On Tuesday, Taiwan has been having “good interactions” with U.S. President-elect Joe Biden’s team, the foreign ministry. It seeks to cement ties with the incoming administration after getting strong support from President Donald Trump’s government.
Claimed by China but democratically ruled, Taiwan enjoyed unprecedented backing from Republican Trump’s administration, including stepped-up arms sales and top officials’ visits to Taipei.
Biden, a Democrat, has caused some unease in Taiwan, where Trump remains a popular figure amongst the public.
Still, Taiwan has sought to underscore its confidence in ties, noting bipartisan support for Washington’s island. This month, Taiwan’s de facto ambassador in Washington spoke to longtime Biden confidant Antony Blinken, now tapped as the next secretary of state.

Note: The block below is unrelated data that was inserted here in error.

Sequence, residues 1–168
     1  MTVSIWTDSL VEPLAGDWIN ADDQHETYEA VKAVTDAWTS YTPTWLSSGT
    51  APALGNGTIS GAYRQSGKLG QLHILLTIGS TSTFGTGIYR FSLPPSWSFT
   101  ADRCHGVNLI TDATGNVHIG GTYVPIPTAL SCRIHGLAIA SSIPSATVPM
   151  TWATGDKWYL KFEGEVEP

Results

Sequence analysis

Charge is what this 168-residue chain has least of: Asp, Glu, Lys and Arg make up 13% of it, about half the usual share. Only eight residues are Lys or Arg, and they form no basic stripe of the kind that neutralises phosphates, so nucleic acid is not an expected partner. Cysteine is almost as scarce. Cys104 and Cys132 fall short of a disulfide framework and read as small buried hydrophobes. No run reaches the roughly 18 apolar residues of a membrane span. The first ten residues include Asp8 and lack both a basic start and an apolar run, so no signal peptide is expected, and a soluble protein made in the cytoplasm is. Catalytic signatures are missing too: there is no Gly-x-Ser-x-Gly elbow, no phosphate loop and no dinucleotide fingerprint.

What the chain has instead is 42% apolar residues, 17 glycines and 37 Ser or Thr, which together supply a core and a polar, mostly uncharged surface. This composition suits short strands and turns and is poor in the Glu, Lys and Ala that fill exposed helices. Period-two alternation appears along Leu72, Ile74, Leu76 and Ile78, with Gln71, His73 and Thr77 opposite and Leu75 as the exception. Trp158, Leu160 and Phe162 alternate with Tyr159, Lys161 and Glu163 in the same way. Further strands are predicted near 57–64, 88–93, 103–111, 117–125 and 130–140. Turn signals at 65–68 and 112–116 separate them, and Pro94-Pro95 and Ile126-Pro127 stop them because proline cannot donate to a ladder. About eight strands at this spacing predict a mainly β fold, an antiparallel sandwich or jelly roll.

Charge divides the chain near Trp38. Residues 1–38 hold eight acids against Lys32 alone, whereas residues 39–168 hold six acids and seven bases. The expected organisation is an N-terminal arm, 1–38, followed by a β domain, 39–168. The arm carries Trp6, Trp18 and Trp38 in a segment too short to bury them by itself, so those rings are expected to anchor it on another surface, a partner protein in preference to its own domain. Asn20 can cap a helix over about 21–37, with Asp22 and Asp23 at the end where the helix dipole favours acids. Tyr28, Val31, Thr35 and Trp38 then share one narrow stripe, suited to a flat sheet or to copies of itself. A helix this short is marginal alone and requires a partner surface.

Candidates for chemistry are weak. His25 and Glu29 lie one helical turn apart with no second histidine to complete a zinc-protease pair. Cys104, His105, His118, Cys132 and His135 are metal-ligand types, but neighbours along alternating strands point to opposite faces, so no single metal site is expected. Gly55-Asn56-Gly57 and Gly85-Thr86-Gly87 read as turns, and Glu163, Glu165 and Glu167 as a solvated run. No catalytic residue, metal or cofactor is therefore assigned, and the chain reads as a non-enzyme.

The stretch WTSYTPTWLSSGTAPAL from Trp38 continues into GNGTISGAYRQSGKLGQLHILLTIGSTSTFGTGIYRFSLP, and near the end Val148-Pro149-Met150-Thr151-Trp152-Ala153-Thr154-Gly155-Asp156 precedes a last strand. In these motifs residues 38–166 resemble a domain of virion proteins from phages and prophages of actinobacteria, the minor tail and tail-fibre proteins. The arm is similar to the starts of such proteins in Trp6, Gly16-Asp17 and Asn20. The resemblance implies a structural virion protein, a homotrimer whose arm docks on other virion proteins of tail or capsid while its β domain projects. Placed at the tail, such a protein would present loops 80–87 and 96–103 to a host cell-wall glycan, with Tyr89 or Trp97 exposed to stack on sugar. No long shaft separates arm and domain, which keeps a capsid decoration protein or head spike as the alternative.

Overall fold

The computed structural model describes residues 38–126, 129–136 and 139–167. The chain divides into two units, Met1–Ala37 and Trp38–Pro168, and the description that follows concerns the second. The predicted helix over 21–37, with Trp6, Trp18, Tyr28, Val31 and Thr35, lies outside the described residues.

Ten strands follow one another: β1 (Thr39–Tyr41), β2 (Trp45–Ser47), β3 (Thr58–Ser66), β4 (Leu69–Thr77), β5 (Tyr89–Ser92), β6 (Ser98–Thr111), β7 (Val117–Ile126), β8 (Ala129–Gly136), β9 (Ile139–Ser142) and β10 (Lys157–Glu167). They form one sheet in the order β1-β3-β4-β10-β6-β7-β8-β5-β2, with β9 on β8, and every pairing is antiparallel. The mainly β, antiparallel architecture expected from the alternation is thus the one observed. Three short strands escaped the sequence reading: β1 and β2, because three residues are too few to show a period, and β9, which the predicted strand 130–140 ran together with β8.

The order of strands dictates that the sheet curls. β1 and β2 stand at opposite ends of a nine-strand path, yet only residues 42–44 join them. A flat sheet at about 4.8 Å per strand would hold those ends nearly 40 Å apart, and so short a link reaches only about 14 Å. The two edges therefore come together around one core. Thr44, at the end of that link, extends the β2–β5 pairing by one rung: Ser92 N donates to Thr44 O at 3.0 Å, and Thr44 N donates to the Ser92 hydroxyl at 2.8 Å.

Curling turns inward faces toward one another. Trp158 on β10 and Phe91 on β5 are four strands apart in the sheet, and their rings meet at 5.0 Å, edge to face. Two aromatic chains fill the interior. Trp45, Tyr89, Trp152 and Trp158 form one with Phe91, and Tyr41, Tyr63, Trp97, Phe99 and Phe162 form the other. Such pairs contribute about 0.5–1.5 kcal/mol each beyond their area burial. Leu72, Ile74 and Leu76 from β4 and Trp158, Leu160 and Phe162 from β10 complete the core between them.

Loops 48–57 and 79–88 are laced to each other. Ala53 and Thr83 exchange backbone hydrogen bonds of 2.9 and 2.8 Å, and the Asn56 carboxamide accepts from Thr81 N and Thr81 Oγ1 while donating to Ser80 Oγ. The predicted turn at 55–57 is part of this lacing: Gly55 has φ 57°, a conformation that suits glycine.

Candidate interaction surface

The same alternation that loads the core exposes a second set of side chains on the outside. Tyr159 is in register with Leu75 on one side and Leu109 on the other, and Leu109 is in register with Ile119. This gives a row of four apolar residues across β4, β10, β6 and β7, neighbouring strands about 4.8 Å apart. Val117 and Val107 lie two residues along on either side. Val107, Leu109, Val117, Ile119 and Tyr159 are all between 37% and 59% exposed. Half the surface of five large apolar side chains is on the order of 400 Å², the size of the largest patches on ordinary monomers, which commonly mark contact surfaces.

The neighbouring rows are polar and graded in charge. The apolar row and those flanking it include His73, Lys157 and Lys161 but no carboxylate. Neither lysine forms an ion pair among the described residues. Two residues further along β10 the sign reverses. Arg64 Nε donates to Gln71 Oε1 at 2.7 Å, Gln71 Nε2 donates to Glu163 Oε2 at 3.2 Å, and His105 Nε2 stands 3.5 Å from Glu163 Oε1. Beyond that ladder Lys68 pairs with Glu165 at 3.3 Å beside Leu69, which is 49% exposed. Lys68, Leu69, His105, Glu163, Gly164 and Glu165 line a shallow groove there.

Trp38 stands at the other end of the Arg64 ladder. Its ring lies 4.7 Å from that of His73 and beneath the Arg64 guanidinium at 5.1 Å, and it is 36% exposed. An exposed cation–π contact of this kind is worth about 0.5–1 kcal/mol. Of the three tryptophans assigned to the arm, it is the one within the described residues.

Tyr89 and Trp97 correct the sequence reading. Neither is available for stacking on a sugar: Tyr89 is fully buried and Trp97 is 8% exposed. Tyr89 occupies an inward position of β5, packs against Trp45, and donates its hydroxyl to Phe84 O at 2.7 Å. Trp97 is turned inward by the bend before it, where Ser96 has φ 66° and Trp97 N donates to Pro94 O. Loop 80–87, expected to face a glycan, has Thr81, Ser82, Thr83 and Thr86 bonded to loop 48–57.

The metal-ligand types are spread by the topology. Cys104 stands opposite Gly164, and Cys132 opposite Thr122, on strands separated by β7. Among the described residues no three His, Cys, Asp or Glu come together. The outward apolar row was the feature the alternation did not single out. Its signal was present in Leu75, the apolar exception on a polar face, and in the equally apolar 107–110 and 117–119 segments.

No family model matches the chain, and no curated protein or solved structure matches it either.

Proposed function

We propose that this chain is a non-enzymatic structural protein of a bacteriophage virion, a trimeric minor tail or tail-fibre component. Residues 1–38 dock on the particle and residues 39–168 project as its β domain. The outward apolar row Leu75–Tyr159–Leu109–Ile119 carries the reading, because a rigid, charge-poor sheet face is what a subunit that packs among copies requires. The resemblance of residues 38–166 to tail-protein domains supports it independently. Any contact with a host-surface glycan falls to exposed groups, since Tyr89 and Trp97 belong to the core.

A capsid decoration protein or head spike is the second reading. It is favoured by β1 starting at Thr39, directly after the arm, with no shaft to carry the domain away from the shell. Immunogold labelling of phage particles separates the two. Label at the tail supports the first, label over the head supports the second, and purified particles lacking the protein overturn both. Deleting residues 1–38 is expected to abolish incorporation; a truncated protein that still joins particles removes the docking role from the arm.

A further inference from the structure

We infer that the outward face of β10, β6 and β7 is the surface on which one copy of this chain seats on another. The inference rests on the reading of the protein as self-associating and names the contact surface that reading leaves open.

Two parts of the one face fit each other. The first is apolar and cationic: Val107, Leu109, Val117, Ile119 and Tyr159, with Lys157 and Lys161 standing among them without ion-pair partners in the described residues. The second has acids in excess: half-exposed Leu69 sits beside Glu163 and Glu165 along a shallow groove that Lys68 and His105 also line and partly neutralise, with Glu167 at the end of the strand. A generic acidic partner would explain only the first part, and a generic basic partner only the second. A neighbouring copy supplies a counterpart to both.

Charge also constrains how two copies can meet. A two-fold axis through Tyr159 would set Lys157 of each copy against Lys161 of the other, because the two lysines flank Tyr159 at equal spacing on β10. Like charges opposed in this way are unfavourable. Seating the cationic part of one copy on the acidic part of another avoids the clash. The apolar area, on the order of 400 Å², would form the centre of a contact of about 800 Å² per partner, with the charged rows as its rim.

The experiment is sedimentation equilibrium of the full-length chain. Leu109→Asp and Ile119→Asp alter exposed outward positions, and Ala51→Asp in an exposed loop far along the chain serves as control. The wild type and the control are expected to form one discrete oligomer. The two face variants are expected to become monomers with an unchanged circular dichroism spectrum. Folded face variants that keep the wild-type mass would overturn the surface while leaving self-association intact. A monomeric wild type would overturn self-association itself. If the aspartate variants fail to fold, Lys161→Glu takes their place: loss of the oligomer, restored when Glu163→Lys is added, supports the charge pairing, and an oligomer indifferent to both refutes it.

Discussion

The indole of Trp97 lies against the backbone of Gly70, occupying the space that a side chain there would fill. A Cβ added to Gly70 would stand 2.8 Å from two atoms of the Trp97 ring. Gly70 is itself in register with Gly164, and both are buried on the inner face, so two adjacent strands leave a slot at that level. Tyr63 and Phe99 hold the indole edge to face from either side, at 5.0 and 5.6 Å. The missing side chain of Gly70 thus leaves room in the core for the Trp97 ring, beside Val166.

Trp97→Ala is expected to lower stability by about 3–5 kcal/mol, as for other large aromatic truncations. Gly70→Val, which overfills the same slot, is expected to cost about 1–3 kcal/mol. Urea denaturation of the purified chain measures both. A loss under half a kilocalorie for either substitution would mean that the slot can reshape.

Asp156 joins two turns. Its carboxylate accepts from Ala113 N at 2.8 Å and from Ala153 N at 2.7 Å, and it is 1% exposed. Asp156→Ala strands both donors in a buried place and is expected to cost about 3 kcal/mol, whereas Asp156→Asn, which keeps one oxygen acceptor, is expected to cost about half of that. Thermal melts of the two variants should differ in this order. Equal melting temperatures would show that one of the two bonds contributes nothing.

Taiwan foreign ministry spokeswoman Joanne Ou said the island had good contacts with both the Democratic and Republican parties.
“The foreign ministry and our representative office in the United States have continued to maintain smooth communication and have good interactions with the Biden team via various appropriate means,” she said.
Taiwan will continue to play a close and reliable partner to the United States, whether in regional or global issues, Ou added.
The United States, like most nations, has no formal diplomatic ties with Taiwan but is its strongest backer on the international stage and significant source of arms, to communist China’s anger, becoming another major irritant in Sino-U.S. ties.